Another change I made was to move DNS for the baty.net zone into Route 53. I’ve used DNS Made Easy for years and have never had any trouble, but I wanted to go through the process with Route 53 just to see how well it worked. For $0.50/month per zone, Route 53 sure makes working with DNS and other AWS tools easy.
Updated my deployment script to use s3deploy
I use a Makefile to run my site deployment. The deploy recipe used rsync and synced files to a directory on my DigitalOcean instance. The move to S3 required that I change it so that the site’s files are synced to the S3 bucket instead. I’m using s3deploy for this. To deploy the site I just type make deploy and Make builds the site, commits and pushes to my github repo, then uploads changes to S3 using the following command:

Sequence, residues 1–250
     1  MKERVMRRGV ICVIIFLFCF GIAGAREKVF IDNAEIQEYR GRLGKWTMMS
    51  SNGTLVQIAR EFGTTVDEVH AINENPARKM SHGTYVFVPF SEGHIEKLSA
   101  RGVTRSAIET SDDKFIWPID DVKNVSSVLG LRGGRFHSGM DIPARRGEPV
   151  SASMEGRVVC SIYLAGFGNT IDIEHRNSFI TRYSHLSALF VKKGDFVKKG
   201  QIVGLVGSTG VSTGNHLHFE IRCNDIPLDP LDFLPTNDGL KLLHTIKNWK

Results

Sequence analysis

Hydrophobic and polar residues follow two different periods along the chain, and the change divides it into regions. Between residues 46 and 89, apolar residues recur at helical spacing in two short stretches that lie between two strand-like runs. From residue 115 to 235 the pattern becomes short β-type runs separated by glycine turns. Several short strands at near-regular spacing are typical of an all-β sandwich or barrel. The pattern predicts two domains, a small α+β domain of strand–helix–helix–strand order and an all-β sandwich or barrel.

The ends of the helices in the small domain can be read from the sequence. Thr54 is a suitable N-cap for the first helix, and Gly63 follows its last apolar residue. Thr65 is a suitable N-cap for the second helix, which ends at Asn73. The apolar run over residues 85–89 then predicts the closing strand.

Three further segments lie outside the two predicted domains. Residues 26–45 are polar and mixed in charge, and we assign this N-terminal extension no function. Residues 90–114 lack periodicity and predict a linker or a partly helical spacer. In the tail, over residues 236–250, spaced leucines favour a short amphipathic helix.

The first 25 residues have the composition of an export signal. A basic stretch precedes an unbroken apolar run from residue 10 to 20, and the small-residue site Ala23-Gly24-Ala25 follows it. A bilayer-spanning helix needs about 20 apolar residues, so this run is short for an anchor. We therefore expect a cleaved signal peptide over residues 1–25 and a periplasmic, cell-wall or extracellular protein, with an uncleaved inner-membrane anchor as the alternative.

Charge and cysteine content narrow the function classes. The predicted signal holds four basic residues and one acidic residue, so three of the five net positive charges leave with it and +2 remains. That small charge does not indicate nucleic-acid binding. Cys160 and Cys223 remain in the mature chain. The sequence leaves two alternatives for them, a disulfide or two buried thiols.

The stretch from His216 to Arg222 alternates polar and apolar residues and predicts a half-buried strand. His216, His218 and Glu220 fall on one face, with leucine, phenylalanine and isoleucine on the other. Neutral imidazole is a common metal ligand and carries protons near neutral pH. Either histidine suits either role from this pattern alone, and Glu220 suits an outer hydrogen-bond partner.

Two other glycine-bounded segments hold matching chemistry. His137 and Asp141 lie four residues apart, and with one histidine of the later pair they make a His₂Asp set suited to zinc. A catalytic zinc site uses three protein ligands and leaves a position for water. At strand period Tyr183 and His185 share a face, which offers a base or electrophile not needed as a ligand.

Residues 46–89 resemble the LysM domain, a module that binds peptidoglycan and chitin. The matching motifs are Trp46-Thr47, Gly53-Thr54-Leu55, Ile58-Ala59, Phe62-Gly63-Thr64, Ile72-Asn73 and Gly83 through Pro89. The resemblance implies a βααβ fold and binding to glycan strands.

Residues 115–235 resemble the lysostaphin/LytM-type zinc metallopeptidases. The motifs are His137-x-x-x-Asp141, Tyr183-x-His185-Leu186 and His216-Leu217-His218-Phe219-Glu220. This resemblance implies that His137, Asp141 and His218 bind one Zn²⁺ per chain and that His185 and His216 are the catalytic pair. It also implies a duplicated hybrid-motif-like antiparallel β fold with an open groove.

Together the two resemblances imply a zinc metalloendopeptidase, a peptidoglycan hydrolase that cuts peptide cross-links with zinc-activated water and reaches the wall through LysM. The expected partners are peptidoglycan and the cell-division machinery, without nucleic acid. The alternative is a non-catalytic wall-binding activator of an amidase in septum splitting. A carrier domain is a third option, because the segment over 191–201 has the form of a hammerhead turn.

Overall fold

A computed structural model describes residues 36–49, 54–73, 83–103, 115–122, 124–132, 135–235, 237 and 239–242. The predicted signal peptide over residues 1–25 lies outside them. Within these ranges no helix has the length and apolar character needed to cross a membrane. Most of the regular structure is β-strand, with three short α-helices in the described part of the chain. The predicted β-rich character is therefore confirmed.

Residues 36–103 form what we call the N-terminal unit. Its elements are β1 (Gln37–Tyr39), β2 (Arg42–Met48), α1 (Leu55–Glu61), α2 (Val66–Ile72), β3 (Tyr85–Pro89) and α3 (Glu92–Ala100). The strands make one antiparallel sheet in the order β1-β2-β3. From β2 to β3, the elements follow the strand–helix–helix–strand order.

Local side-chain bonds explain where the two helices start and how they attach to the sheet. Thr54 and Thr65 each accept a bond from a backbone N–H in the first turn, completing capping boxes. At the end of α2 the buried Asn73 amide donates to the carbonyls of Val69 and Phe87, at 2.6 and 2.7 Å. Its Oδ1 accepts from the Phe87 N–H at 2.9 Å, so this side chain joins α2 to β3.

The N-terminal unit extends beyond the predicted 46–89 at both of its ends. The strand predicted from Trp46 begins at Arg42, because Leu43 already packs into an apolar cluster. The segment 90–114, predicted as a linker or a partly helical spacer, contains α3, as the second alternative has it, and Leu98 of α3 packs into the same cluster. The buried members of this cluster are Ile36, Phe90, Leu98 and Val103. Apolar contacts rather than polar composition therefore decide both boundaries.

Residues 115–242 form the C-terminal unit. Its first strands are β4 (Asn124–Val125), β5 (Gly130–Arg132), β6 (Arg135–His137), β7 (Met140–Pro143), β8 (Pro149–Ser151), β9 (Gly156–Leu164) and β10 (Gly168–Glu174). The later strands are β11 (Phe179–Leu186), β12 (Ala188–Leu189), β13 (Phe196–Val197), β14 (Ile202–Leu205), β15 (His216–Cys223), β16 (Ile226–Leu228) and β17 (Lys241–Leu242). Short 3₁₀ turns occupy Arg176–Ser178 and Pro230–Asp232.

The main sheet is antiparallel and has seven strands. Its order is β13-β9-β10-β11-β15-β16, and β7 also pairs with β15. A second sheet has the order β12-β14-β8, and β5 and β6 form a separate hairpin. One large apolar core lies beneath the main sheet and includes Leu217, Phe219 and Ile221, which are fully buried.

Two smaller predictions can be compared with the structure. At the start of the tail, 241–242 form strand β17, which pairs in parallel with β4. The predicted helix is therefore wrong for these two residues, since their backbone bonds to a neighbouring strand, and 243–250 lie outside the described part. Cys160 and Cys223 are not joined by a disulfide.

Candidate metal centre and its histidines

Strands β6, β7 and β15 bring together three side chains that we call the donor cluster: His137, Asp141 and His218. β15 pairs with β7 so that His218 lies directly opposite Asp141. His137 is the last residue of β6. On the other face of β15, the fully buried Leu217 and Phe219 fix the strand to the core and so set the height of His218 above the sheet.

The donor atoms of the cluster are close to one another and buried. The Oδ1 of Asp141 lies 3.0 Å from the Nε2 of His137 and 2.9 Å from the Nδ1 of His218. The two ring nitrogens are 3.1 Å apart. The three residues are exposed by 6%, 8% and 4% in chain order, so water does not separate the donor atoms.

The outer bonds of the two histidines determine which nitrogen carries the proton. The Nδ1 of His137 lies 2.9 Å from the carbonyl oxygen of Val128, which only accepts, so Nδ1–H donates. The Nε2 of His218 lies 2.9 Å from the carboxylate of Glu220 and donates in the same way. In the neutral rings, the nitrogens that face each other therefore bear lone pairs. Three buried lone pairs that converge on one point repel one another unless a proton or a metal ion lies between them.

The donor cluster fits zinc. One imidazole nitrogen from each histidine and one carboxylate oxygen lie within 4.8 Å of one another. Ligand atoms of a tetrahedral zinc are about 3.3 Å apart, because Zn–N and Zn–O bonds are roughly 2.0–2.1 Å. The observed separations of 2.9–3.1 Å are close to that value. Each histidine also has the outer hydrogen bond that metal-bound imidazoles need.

My AWS credentials are kept in environment variables2 so I don’t need to keep them in the Makefile.
s3deploy is smart enough to sync based on etag hashes rather than file modification time so only files that have actually changed get uploaded3.
Invalidate objects after deployment
The nice thing about a CDN is that content is efficiently cached, sometimes for a very long time. The trouble this causes is that updates to the site are not immediately visible. Cloudfront needs to be told to re-fetch changed objects from the origin. To force this, I added an invalidate recipe to the Makefile. I tell Cloudfront to re-fetch the pages that should be updated immediately, namely /index.html, /index.xml, and /page/*. I do this using the following command: